While we marketing pros tend to keep things clear and simple when writing website copy or marketing emails, we’ll often use marketing slang terms as shorthand when trading tips with each other online or at networking events.
If you’re new to marketing or just want to sound smarter on LinkedIn, this list of practical marketing slang terms will get you caught up in no time.
The act of changing a single variable in two otherwise-identical pieces of marketing content to see which achieves better results. Common A/B tests include using two different subject lines on a marketing email (with each subject line going to 50% of your list), measuring the effect of a new headline or lead image on your homepage, or changing the location of a signup form on a landing page.
The key with A/B testing is to only test one variable at a time. That way you know why one asset is performing better than the other. (See also: multivariate testing)
An article in a publication that is designed to promote a product or service, but is presented in the style of original editorial content. The brand being advertised foots the bill, and the publication is required to add a disclaimer that what you’re reading is actually sponsored content.
The group of people who you create all your content for, AKA your real bosses (they don’t really know what they want either). An audience is typically defined by their demographics and behavior.
Hyperlinked text that leads to an external webpage. High-quality ones are important for SEO and better search engine rankings because it helps connect a “web” between your website and other related domain leaders. Backlinks show Google that your website is so cool that it hangs out with all the other cool websites so it definitely should be popular.
In the context of email marketing, bounce rate is the percentage of emails sent that could NOT be delivered to their intended recipients. If you send 100 emails and 10 of them bounce, for instance, your bounce rate would be 10%. Ideally, you should keep your bounce rate below 2%.
Bounces can be separated into two categories: soft bounces and hard bounces. A soft bounce happens when an email temporarily fails to deliver because the recipient’s inbox is full, their servers are temporarily down, or the message being sent is too large.
A hard bounce happens when a recipient’s email address or domain no longer exists or is inactive. Invalid emails should be cleaned from your list immediately.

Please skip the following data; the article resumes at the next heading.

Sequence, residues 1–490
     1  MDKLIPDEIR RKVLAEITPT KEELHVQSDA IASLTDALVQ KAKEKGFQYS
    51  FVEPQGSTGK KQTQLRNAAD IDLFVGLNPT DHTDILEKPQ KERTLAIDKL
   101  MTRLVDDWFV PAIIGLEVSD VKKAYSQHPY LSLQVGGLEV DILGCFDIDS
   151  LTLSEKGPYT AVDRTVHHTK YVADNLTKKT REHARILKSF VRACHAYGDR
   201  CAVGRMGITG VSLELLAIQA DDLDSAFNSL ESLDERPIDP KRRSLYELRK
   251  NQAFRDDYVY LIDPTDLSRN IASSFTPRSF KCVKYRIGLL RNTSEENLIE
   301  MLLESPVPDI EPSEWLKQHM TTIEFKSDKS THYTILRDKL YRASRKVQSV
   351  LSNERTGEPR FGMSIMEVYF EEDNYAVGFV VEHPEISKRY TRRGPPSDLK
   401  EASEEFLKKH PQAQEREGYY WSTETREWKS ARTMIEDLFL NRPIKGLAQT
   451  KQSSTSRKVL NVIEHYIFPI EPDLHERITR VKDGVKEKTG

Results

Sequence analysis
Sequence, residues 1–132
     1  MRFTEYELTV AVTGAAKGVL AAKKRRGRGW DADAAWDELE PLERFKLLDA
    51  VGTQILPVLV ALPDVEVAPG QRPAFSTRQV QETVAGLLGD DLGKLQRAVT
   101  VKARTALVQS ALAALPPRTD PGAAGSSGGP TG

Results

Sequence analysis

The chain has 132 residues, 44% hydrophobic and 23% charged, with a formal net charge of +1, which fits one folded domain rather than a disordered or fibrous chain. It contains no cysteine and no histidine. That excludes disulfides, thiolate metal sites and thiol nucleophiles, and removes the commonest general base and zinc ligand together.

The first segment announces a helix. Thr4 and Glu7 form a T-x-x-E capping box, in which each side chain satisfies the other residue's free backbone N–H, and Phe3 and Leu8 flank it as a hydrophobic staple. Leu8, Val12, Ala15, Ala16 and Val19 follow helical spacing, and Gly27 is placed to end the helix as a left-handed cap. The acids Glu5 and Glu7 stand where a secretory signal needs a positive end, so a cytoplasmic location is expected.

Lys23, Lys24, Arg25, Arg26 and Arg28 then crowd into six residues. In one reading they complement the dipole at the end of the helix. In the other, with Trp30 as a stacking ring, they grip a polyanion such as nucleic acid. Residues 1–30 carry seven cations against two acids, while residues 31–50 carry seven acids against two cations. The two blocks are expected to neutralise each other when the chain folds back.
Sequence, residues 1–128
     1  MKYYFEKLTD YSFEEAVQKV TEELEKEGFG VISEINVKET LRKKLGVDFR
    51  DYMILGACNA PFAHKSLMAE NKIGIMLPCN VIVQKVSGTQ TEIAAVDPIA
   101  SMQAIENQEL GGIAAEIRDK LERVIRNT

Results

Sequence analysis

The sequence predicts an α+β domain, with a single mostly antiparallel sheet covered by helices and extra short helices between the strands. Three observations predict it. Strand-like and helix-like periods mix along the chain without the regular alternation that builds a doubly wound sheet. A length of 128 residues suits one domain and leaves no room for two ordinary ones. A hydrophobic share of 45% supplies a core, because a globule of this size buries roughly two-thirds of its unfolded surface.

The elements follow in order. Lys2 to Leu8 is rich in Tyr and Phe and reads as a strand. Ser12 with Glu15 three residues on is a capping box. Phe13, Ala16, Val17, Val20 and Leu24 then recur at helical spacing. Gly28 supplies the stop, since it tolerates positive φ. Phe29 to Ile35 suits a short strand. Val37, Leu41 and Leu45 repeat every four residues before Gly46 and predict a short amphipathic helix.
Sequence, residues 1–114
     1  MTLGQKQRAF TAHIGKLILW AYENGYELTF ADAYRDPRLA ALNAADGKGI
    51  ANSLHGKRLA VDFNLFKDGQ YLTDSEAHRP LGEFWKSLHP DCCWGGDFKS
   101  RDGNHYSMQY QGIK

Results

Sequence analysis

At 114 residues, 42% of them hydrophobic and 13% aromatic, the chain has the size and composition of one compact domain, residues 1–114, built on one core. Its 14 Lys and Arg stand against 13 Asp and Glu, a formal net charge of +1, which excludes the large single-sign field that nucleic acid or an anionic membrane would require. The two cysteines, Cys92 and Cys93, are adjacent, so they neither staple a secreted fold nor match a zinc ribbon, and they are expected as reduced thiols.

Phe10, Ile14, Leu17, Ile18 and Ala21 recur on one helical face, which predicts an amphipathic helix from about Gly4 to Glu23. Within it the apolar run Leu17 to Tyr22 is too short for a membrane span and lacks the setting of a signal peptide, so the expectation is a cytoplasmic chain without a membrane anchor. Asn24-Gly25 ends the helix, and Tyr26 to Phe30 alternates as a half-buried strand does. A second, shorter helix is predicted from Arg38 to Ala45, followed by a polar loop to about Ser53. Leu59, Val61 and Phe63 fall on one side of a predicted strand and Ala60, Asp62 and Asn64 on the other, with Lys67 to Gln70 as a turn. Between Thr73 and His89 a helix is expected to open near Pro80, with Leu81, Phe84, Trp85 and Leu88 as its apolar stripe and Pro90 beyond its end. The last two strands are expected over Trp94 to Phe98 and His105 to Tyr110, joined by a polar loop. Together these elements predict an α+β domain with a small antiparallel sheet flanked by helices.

The measure of how memorable your company name and/or products are to the general public. For example, your dog knows exactly the kind of high-value experience they’re going to get when they hear W-A-L-K. Marketers work hard to achieve that same level of enthusiastic brand awareness and association around their offerings.
A one-off email that’s not part of a larger series (like a newsletter or drip sequence). Broadcast emails, sometimes called bulk emails or mass emails, are great for making company announcements, sharing details about limited-time sales, and more.
BVA is a content marketing metric that stands for “blog visits per acquisition.” It measures the number of visits your blog content needs to attract in order to generate a single new customer. The lower your BVA, the more effective your blog posts are at generating leads. You can learn how to calculate your BVA and how to use it to determine your blog publishing ROI in this article.
Controlling the Assault of Non-Solicited Pornography and Marketing Act of 2003, CAN-SPAM for short, is an American law that regulates commercial emailing. The law prohibits businesses from spamming recipients and sending misleading messages. It also gives email recipients the right to STOP receiving emails from senders whenever they wish. You can learn more about CAN-SPAM here.
A channel, or lead generation channel, is a platform or content type marketers use to reach consumers. This can be anything from search ads to landing pages to social media.
Similar to a cold call, a cold email is an unsolicited sales email sent to someone you have no prior contact or relationship with, but who fits the profile of a potential buyer for your company due to their industry, job role, or past purchase behavior.
A strategy that brands use to deliver value to an audience through multimedia content without selling them on anything—at least not explicitly. Content creation (including blog posts, podcasts, and YouTube videos) is one of the most expensive and time-consuming goodwill moves a brand can make. But it has a ton of invaluable benefits, from brand awareness to email acquisition. (See: lead magnet)
The percentage of recipients who complete your CTA. To find your conversion rate, simply divide the number of people who converted by the number of people who viewed the message.
For example, if 100 people opened your marketing email and 10 of them clicked a link and bought a product, your email’s conversion rate would be 10%. If 100 people visited one of your landing pages and four of them signed up for a free trial, your landing page’s conversion rate would be 4%.
CTA stands for Call to Action, which essentially means asking an observer to take the next step, like add to cart, sign up, or follow. CTAs often come in the form of buttons and popups and forms (oh my)!